———. Charles Dickens: His Tragedy and Triumph, 2 vols. New York: Simon and Schuster, 1952. The best biography of Dickens is also a perceptive critical study of his works.

Thomas, Deborah A. Dickens and the Short Story. Philadelphia: University of Pennsylvania Press, 1982. Dealing exclusively with Dickens's shorter fiction, this book shows that Dickens valued A Christmas Carol and the other Christmas stories as opportunities to give his imagination full play.

Welsh, Alexander. The City of Dickens. London: Oxford University Press, 1971. Acquainted from childhood with the more negative aspects of London, Dickens uses the contrast of city and country in many of his works.

Bibliography and Further Reading

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Cecil, David. "Charles Dickens," in Early Victorian Novelists: Essays in Revaluation. The Bobbs-Merrill Company, Inc., 1935, pp. 37-74.

Chesterton, G. K. "'Great Expectations,'" in Appreciations and Criticisms of the Works of Charles Dickens. E. P. Dutton and Co., 1911, pp. 197-206.

———. Charles Dickens: the Last of the Great Men. The Press of the Readers Club, 1942, p. 79.

Pool, Daniel. Dickens' Fur Coat and Charlotte's Unanswered Letters: The Rows and Romances of England's Great Victorian Novelists. HarperCollins Publishers, 1997, p. 178.

Potter, Dale H. The Thames Embankment: Environment, Technology, and Society in Victorian London. University of Akron Press, 1998.

Symons, Julian. Charles Dickens. Arthur Barker Ltd., London, 1951.

Further Reading

Hardy, Barbara. "The Change of Heart in Dickens' Novels," in Victorian Studies, Vol. V, 1961-62, pp. 49-67. Examines the recurring theme of change in Dickens' works.

Kaplan, Fred. Dickens: A Biography. The Johns Hopkins University Press, 1988. Among the many biographies of the author available, this is clearly one of the most insightful and readable.

Page, Norman O. A Dickens Companion. Schocken Books, 1984. Page, a specialist in Victorian literature, offers a cornucopia for students of Dickens' plot synopses, character listings, and chronologies.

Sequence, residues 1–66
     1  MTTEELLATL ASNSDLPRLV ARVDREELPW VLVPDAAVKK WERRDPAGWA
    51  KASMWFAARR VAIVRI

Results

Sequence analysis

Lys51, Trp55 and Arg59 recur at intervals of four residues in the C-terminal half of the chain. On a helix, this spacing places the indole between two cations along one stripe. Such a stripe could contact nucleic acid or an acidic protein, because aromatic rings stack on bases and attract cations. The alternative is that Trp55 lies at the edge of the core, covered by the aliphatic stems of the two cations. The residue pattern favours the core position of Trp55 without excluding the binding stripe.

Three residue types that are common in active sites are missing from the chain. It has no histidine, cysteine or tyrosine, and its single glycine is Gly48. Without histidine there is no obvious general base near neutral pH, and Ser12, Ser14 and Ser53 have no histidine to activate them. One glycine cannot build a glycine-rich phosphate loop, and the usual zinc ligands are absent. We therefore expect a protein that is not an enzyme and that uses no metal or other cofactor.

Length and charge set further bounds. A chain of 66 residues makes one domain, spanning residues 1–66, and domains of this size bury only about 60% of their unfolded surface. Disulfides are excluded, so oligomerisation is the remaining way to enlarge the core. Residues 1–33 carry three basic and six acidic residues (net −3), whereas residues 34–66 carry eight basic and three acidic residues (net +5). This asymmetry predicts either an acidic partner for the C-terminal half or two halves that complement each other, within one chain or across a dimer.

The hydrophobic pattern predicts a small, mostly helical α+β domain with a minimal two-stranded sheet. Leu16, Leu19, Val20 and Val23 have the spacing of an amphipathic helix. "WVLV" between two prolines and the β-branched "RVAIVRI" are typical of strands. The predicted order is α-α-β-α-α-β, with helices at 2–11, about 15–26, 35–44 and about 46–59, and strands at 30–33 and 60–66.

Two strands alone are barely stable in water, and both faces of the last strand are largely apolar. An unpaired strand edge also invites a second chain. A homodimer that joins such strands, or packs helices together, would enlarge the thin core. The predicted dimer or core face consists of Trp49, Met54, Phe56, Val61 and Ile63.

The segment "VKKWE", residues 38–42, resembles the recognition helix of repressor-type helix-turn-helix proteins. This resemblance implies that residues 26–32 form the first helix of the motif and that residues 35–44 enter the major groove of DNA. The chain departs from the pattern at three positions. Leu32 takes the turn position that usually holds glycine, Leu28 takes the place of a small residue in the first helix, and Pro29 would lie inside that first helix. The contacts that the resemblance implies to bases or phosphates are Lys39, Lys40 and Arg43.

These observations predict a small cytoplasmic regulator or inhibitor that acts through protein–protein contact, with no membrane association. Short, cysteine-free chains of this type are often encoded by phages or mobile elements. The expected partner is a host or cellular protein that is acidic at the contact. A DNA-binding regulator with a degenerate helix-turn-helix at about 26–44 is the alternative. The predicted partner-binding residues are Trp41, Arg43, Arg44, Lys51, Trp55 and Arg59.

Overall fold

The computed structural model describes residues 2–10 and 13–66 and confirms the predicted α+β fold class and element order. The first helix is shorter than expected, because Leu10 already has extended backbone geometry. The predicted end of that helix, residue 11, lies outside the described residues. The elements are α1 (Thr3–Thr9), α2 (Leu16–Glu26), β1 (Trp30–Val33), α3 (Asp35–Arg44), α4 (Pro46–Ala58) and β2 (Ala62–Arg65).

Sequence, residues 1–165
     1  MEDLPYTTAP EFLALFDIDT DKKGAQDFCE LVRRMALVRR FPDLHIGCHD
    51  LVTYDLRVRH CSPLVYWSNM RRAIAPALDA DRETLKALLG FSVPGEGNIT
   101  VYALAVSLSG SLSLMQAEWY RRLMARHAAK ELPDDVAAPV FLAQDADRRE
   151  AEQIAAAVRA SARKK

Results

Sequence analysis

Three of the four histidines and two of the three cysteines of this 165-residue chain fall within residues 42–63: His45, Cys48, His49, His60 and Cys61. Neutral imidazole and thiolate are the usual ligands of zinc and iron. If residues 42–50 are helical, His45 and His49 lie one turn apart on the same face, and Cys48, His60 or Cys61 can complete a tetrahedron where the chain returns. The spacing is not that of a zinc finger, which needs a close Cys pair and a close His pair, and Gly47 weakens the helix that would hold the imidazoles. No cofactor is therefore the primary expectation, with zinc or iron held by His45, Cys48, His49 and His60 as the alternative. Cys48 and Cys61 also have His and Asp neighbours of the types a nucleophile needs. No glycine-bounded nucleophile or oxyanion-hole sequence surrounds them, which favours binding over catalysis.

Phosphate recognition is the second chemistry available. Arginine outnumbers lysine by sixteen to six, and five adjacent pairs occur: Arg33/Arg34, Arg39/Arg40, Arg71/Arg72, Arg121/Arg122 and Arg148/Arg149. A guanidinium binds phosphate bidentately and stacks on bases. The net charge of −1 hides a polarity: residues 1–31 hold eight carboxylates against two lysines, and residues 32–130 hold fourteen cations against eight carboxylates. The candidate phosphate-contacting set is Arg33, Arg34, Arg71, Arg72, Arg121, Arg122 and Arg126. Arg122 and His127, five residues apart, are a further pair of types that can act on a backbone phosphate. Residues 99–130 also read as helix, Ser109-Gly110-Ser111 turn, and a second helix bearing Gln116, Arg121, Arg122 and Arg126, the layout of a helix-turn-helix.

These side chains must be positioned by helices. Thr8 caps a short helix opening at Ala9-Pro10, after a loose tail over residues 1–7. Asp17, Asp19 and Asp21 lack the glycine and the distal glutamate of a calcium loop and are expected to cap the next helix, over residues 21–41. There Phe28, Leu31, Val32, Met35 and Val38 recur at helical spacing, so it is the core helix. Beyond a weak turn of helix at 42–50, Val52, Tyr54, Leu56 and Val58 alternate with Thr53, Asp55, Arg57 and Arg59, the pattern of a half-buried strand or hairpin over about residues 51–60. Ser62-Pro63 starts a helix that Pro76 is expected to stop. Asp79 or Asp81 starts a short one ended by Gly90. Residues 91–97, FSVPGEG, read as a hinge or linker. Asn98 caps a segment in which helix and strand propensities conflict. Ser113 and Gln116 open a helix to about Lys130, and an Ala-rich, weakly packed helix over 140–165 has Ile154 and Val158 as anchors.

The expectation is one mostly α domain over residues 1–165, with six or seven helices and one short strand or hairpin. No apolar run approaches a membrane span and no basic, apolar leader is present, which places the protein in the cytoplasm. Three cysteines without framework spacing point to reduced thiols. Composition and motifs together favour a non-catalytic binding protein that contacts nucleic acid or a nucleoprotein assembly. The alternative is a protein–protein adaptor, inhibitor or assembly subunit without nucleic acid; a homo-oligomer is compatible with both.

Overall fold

Poole, Mike. "Dickens and Film: 101 Uses for a Dead Author," in The Changing World of Charles Dickens, edited by Robert Guiddings. Barnes [and] Noble Books, 1983, pp. 148-62. Because this book has been adapted to film so often, it is interesting to look at how Hollywood has interpreted his work.

Stone, Harry. "A Christmas Carol: Giving Nursery Tales a Higher Form," in Dickens and the Invisible World: Fairy Tales, Fantasy and Novel-Making. Indiana University Press, 1979, pp. 119-45. Stone explores the fairy tradition of Victorian England, and his reading of this novel is interesting in its depth of social and biographical background.

Media Adaptations

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  • One of the most highly regarded versions of A Christmas Carol stars Alastair Sim as Scrooge, directed by Brian Desmond Hurst. Released in 1951, it is available from VCI Home Video.
  • Another praiseworthy version of the novel is the 1984 made-for-television movie with George C. Scott, David Warner, and Edward Woodward. It was released on video by Twentieth Century Fox in 1999.
  • In December of 1999, TNT and Hallmark Entertainment premiered a new movie version with Patrick Stewart, Richard E. Grant, and Joel Grey starring. It was directed by David Jones.
  • Michael Caine plays Scrooge, Kermit the Frog plays Bob Cratchit, and the Great Gonzo plays Charles Dickens in The Muppet Christmas Carol, released on video in 1997 from Jim Henson Video Co.
  • Scrooged (1988) is a humorous adaptation of Dickens' novel, with Bill Murray as a television executive. The movie was directed by Richard Donner and is available from Paramount Home Video.
  • This story has been adapted to the stage, screen, and television so many times that there is an entire book on the subject. A Christmas Carol and its Adaptations, written by Fred Guida, includes scenes from old kinescope films and foreign productions. It was published by McFarlane and Co. in 1999.

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Historical and Social Context